Deion Sanders, the Atlanta Braves' outspoken outfielder, said, "If you're black and in baseball, there is no in-between. You've got to be a damn great prospect. You don't see any so-so brothers pitching. There are none in the pen or role players. You aren't going to be on the bench just drawing a salary if you're just so-so and black."

But Jerry Olsavsky, a white linebacker for the Pittsburgh Steelers, disagreed: "They talk about no minority coaches and stuff like that and how white players are given more opportunities. I don't really see any of that. The survey asks you, Has there ever been a time where you thought a player was cut because he was black? I mean, that just doesn't happen. You're trying to get the best people on the field you can."

Perhaps even more worrisome to black athletes than the inequities they perceive as players is what they think the future holds—or, more precisely, doesn't hold—for them. They are convinced that most sports management jobs are not likely to be open to them because they are black—77% of the respondents believe this. And for once, a substantial percentage of the white athletes—43%—agrees with the blacks, saying that blacks are less likely than whites to move into team management positions.

The New York Giants' Everson Walls, a four-time Pro Bowl defensive back and a former Dallas Cowboy who is now in his 11th year in the NFL, spoke candidly about the difference between his league and the NBA: "Blacks are so predominant in the NBA. They attain higher positions. I can understand why baseball and the NFL won't let blacks in the front office or [work] as coaches. They don't want blacks to be prominent. They make it so difficult in the NFL for blacks to get ahead. No matter how many times I go to the Pro Bowl, no matter how many Super Bowls I'm in, no matter how much money I make, when it's all said and done, I'm a black man. A nigger."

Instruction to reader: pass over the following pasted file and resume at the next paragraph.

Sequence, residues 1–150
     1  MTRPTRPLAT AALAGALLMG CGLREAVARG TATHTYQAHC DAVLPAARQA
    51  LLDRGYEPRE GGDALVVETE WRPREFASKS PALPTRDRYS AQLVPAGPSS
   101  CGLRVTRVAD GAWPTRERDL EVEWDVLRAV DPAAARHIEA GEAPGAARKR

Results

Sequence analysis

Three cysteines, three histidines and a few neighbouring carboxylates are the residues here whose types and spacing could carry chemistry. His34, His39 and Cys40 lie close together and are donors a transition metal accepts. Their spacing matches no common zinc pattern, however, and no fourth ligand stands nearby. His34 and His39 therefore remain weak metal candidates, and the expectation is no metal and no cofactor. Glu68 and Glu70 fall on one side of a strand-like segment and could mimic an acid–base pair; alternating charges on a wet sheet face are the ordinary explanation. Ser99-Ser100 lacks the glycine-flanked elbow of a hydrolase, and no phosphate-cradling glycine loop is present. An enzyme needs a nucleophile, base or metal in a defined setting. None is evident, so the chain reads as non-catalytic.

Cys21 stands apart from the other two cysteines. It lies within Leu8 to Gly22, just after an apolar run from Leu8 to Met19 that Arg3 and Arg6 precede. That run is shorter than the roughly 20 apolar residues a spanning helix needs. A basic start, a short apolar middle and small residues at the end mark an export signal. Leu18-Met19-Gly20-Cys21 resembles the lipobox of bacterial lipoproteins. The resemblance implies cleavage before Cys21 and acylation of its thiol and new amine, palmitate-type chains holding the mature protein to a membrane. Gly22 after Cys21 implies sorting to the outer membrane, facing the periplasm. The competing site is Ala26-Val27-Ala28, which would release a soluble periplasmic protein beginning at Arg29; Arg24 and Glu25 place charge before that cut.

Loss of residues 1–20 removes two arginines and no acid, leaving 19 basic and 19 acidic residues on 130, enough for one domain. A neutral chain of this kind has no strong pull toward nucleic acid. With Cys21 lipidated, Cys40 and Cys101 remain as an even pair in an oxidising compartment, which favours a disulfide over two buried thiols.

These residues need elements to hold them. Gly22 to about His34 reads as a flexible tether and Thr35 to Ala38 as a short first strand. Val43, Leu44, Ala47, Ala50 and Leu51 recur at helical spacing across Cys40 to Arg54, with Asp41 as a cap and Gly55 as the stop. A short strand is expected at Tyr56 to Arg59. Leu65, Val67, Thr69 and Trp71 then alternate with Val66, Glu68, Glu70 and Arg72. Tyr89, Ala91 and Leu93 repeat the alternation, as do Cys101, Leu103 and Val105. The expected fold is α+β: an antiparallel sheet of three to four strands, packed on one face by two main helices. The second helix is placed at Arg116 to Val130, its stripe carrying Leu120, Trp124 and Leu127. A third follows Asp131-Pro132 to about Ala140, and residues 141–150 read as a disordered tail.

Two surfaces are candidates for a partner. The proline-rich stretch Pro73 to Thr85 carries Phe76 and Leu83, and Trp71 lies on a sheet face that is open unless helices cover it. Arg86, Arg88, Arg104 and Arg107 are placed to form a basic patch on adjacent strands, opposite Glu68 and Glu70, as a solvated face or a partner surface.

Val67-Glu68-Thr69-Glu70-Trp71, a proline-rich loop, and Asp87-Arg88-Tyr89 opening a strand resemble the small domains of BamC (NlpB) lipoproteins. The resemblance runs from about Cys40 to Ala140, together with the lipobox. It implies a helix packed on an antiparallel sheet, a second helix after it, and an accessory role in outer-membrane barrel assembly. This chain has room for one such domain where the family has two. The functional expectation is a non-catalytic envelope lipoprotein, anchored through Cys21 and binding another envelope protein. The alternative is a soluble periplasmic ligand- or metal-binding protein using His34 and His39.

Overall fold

However, black athletes indicate that racism may be on the wane in the locker room, on the playing field and even in the stadium. Only 17% of black respondents think their current team has a racial problem. Only 36% report having heard racial slurs from whites during games, and 52% say they have never heard them. Only 27% believe that blacks enjoy less fan support than whites. Among all athletes polled, 53% said they socialized an equal amount of time with team members of both races.

What are we to make of all this? Supersensitive as big league sport may be about the volatile subject of racism, it remains a powerful presence in America. Marcus Allen, the Los Angeles Raider running back, spoke with great feeling after he replied to the survey: "I think racism is at its highest point since the civil rights movement in the 1960s and 1970s. I would call it our cancer. There is definitely a lack of awareness and a lack of education. We're not only talking in sports, but in every segment of society. People aren't going to let it get swept under the rug."